I've used a Psion, Palm, Newton and Blackberry and the iPad is a definite candidate as a PDA replacement. Its big enough to do a bit of casual work on while svelte enough to carry around. It remains to be seen as to wether or not it can supplant my MacBook as an armchair browsing system.

I don't think I'd consider buying one until it v2 came out with a camera and more polished apps (the hardware itself is great).

Medium Format Goodness

Saturday 28 August 2010 at 7:28 pm Digital is definitely here to stay but film has a certain something that you can only reproduce digitally by messing with the image. The current fad for camera phone apps that reproduce the polaroid, pin-hole or cheap russian camera look would appear to indicate a predilection for the imperfect.

The trend also manifests itself in the lomography movement - cheap film cameras that have flawed optics leading to quirky images. Lomography has also led to a resurgence in the use of medium-format film. Medium format film leads to much bigger pictures than 35mm film and allows for much more detail to be captured in a variety of sizes. Medium format cameras are now also very cheap and accessible as everyone off-loads their film cameras for digital.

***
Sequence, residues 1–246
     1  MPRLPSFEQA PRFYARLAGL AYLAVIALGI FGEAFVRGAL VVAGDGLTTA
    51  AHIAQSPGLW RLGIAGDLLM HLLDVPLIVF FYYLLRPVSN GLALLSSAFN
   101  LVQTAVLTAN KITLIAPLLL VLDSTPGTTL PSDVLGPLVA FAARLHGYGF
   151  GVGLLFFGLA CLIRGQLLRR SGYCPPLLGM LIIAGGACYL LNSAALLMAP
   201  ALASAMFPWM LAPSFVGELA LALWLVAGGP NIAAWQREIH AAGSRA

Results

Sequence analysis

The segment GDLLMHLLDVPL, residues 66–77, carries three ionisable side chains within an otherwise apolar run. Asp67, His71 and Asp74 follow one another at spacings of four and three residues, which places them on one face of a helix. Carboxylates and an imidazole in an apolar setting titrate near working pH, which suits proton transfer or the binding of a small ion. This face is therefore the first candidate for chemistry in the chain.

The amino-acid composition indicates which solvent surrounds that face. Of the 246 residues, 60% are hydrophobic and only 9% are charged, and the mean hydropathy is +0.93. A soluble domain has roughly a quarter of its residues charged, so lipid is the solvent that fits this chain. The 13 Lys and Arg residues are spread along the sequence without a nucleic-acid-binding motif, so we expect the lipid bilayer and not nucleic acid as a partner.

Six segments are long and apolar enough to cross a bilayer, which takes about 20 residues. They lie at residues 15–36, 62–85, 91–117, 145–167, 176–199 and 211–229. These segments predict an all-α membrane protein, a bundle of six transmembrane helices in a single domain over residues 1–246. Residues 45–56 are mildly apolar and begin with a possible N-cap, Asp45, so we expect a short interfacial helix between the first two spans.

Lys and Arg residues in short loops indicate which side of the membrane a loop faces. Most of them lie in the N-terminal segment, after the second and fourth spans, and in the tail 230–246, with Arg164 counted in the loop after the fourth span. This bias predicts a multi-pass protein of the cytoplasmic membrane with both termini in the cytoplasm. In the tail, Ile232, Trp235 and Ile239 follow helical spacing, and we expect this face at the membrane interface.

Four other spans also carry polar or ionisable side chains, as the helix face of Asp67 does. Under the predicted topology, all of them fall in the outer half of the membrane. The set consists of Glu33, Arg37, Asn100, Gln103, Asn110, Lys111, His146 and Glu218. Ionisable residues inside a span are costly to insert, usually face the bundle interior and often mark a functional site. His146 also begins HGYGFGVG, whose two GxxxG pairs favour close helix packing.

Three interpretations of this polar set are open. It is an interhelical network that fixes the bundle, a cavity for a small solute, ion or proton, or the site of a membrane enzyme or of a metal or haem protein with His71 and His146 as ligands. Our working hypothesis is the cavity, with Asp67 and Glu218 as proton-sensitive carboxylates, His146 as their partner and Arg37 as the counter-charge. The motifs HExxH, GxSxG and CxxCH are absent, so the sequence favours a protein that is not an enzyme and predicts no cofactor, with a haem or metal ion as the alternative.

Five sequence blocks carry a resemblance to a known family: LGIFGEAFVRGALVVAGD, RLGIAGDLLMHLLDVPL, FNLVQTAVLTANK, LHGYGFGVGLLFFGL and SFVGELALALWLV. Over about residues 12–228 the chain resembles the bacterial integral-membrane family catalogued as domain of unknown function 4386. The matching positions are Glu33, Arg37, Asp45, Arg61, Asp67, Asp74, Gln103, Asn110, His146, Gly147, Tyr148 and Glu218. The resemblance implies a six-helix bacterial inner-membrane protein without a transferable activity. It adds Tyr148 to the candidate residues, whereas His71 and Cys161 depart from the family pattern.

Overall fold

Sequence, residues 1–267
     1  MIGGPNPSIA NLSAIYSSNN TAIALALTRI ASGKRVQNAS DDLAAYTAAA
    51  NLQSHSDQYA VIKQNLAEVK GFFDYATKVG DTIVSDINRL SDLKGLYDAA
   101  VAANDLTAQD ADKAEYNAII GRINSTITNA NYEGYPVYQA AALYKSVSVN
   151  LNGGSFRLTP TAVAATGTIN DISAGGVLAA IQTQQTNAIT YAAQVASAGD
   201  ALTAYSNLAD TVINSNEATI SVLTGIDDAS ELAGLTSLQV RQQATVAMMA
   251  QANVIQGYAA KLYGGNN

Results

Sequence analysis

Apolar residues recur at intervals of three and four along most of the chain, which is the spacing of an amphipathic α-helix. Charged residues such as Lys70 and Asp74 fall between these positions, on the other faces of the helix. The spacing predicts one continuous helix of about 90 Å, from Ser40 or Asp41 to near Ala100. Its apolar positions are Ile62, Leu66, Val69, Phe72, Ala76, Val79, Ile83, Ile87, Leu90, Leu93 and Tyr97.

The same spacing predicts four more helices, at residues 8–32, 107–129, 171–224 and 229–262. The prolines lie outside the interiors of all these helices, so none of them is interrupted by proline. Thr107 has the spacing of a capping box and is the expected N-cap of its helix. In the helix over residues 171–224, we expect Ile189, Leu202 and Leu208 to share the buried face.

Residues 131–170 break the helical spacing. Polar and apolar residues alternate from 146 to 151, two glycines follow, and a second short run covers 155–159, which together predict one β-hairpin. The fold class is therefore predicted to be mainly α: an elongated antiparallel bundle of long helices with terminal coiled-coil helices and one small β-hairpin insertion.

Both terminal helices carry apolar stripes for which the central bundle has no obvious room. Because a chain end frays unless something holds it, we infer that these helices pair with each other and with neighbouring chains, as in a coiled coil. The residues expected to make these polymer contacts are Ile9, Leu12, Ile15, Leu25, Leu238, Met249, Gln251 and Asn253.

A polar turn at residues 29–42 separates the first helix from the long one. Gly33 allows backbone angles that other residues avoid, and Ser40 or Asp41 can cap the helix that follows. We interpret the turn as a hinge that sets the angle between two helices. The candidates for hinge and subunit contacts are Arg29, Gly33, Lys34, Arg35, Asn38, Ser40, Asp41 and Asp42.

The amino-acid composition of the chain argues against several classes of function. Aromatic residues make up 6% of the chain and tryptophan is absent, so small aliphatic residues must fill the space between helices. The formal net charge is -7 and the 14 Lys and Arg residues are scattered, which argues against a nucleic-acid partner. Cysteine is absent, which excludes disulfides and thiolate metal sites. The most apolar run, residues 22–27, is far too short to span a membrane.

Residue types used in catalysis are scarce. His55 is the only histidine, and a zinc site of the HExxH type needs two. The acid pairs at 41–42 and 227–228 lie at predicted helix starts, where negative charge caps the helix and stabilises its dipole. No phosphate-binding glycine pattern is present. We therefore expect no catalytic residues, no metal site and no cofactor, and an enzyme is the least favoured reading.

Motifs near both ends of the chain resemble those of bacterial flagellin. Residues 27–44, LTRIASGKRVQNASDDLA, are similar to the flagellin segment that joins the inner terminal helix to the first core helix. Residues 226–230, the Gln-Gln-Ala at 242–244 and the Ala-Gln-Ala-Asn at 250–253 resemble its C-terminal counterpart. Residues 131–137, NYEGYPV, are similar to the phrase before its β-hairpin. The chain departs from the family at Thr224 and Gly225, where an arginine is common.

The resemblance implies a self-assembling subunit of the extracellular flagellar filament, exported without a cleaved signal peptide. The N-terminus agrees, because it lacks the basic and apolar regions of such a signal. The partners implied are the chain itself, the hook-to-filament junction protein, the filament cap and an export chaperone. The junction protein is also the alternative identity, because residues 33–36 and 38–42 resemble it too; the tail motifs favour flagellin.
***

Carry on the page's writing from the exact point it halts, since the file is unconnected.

I picked up a Mamiya RB67 for about $400 and a Rolleiflex for $500. This may seem a little pricey but these would have each cost a small fortune when purchased new. The RB67 takes 6cm x 7cm pictures and the Rollei takes 6cm x 6cm pictures. If you use a colour-slide film (like Velvia) you'll get a roll of developed negative from the developer you can shine a light through and project onto a wall. Its pretty darn cool.

Of the two I prefer the Rollei, its easier to carry, has a built in light-meter and the square 6 x 6 images look great. The Mamiya is a beast of a camera, it really needs a tripod and it will hurt your back carting it around (it weighs about 2.5kg!) - although when you see the sharpness of the pictures you will find the weight bearable.

Digital medium and large format photography also exists - but the cost is generally prohibitive. Getting a medium sized digital sensor camera package is going to set you back the equivalent of a mortgage down-payment on a house.

Some Collected Bits of Humour

Monday 14 June 2010 at 8:59 pm Brilliant sign - Safety First.